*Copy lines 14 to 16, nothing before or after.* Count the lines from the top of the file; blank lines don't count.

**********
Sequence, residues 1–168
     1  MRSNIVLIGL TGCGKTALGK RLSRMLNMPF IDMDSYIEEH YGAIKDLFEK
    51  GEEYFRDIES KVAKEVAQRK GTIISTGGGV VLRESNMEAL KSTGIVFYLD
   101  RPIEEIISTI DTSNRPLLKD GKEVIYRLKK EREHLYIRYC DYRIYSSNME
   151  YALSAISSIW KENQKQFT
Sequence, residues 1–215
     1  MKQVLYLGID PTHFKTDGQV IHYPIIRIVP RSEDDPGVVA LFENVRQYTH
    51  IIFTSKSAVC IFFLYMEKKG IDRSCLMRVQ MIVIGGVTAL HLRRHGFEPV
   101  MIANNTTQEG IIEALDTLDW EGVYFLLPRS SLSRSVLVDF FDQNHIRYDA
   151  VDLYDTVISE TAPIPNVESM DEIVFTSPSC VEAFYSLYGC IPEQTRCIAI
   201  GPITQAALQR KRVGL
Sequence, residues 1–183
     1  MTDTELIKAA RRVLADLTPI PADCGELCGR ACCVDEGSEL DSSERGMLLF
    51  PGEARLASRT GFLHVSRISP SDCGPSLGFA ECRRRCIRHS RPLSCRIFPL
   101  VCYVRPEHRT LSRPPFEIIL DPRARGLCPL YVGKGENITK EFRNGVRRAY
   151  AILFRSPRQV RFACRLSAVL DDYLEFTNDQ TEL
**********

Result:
    51  PGEARLASRT GFLHVSRISP SDCGPSLGFA ECRRRCIRHS RPLSCRIFPL
   101  VCYVRPEHRT LSRPPFEIIL DPRARGLCPL YVGKGENITK EFRNGVRRAY
   151  AILFRSPRQV RFACRLSAVL DDYLEFTNDQ TEL